Identity-based cyberattacks are on the rise and quickly becoming favored by hackers looking to compromise multiple organizations at once. The recent data breach of 23andMe exposed millions of users’ private information, including DNA relative data, family tree data, and user profile information. Recycled login credentials were among some of the most concerning information exposed.
Attackers often leverage these stolen credentials by trying them across a wide variety of other online services – a tactic called “credential stuffing” – on the premise that users recycle these same credentials across their various accounts. These types of breaches add to the continued exposure of identities, making identity security more important than ever. The enterprise damage that can be done as a result of leaked login credentials is devastating. Hackers can easily slip past an identity and infiltrate further, interrupting operations or stealing sensitive information.
Phishing attacks are also surprisingly effective at endangering identities, with nearly 1 in 20 employees falling victim, even in trained organizations. Attackers cast a wide net with generic messages hoping to steal credentials to launch further attacks. More targeted spear phishing relies on research and personal touches to trick specific victims, often leveraging emotions of curiosity or fear.
Identity has become the new attack surface perimeter. Cyber defenses haven’t caught up to this reality yet, which is why these breaches are continuing to happen. To create a cyber risk strategy that adapts to the threats of today, organizations should understand the cyberattacks that got us here and the devastating impacts they had across their customers, why leveraging cloud and AI-powered technology to protect identities is imperative to stay ahead of these malicious attacks and the importance of uniting teams around the common goal of creating a more cyber resilient environment.
90 percent of organizations have experienced at least one identity-related breach in the past year, making identity management more complex now than it has ever been. The number of identities that are being managed is increasing dramatically. Multiple identity access management products may be deployed simultaneously, spreading identities across multiple clouds. Having so many different solutions overlapping can make it easy to miss critical context. Attackers will jump on the likelihood of vulnerabilities and the inability of a sprawling tech stack to catch them. To stay ahead of these malicious attacks, organizations need to be looking for next-generation identity and access management solutions that can effectively work across a complex hybrid infrastructure and help to reduce identity sprawl.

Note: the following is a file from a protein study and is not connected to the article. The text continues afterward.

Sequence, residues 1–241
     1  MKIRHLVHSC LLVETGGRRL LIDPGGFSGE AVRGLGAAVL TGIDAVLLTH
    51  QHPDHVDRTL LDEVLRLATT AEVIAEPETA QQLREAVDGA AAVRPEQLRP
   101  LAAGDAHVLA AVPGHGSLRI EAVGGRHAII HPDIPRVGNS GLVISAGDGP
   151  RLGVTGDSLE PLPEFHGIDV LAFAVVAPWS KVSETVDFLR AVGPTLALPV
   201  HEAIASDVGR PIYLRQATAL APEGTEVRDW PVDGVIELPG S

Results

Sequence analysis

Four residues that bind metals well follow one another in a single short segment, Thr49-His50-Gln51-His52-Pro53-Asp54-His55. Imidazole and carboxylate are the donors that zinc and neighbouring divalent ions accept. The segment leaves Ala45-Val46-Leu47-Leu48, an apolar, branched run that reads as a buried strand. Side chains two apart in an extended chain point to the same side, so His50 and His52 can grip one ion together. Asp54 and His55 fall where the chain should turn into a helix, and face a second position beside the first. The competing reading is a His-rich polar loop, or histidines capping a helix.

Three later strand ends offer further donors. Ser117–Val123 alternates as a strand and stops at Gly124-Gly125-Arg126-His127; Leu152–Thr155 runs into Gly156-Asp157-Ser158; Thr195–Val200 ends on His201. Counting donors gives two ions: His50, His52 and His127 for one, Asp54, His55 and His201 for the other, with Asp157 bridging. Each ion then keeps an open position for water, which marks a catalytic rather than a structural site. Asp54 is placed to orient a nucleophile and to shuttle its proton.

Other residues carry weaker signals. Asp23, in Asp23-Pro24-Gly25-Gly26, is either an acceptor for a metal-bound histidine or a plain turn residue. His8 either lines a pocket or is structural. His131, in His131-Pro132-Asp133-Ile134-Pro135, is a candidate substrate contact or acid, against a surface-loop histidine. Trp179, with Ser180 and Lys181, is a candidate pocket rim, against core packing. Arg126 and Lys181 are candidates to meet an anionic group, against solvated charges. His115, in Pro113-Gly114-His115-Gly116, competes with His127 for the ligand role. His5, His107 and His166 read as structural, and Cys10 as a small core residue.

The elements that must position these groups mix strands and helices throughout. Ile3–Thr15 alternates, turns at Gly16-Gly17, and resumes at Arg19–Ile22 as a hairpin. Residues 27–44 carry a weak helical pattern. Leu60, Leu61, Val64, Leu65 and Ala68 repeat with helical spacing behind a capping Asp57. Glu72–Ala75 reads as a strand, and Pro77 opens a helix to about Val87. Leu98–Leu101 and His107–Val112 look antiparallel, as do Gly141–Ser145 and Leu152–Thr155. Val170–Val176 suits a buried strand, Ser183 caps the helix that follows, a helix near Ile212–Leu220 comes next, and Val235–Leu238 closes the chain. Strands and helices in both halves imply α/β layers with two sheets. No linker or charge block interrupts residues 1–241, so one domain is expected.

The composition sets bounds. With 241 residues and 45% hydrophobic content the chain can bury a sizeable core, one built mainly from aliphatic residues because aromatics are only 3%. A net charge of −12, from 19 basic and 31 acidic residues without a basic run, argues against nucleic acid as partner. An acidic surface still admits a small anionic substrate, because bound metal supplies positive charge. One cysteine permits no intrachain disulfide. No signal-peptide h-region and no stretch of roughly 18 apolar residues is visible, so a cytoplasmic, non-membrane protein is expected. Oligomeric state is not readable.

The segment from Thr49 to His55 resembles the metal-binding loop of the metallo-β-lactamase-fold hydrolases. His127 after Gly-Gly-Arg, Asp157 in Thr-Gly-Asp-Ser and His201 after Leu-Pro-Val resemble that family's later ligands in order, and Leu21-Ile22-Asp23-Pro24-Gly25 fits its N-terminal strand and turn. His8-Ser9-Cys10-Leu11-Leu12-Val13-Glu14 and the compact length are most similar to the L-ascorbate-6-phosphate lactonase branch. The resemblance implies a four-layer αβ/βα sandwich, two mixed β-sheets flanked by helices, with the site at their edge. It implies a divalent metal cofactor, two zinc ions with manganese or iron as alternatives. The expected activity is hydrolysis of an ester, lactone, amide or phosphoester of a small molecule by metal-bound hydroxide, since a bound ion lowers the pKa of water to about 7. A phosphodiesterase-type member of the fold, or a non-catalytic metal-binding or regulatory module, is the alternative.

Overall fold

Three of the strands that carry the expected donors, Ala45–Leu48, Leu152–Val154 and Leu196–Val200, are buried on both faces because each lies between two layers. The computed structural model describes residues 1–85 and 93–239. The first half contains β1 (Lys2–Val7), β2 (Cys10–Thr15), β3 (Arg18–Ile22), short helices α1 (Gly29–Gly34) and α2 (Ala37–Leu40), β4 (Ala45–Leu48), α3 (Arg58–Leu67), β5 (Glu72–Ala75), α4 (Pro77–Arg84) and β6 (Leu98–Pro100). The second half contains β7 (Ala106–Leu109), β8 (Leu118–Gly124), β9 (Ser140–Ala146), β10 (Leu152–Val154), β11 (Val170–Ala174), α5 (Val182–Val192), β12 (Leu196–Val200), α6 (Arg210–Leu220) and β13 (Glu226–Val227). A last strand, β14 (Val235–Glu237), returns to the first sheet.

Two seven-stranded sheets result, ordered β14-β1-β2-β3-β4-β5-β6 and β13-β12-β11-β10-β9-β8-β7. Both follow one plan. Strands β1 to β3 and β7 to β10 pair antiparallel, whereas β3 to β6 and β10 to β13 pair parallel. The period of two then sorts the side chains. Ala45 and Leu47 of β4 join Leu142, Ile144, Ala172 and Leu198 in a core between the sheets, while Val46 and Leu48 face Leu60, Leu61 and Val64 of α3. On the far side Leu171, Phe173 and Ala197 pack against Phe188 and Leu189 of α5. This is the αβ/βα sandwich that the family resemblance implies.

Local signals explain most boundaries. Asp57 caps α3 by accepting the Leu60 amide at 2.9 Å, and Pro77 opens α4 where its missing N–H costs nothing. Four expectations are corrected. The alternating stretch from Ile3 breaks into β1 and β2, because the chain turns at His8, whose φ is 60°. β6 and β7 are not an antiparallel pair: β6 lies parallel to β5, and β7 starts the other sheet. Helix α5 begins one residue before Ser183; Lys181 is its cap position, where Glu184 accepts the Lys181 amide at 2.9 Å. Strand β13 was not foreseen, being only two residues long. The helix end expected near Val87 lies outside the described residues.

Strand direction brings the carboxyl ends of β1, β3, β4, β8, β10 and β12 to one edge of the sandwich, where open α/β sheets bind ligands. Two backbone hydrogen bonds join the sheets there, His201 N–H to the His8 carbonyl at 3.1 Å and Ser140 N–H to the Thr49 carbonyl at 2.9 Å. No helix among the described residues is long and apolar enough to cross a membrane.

Solutions that incorporate generative AI, for example, are beneficial for understanding data correlation and automating more repetitive tasks. AI introduces new efficiencies that free up security analysts who are constantly weighed down with red and yellow flag investigations – allowing them to direct more of their focus on higher-level decisions. Additionally, AI helps with threat detection and response by taking a closer look into an organization’s systems and providing automated explanations as to why attacks are happening, what additional exposures may look like, and how to remediate them. This greater efficiency allows security teams to flag high-priority incidents quickly to effectively secure the identity attack surface.
While it’s important to address challenges with identity management at a technical level, it is equally, if not more, important to address these challenges from an educational perspective. Effective education is a must-have for shifting team understanding of security threats, recognizing identities are high-risk parts of the attack surface, and emphasizing how employees can unknowingly contribute to these risks. Organizations need to foster a culture that is committed to a security-first mindset by developing a strong incident response plan that empowers users and informed participants to work together as one, avoiding decentralized, separately managed entities. While this isn’t a bulletproof method, it is highly effective at increasingly stopping attacks early. After all, if you have no plan or recovery option, it’s going to cost you.
Organizations as a whole need to adopt an identity mindset and significantly shift their cultures, and they need to invest in the right tools to face this current reality. To accomplish this, there should be an understanding of how cyberattacks are targeting identities. Utilizing modern solutions, such as AI, will drive efficiency, reduce busywork, and point security analysts’ attention to the weakest link.
Lastly, organizations must incorporate an incident response plan built upon education, especially around the negative consequences of recycling login credentials creating a culture that breaks down silos and makes cyber resilience best practices easy to understand. Looking forward, attackers will continue to adapt to new ways of compromising identities, and organizations that take past attacks, next-generation technologies, and team culture into consideration can stay ahead and protect all identities.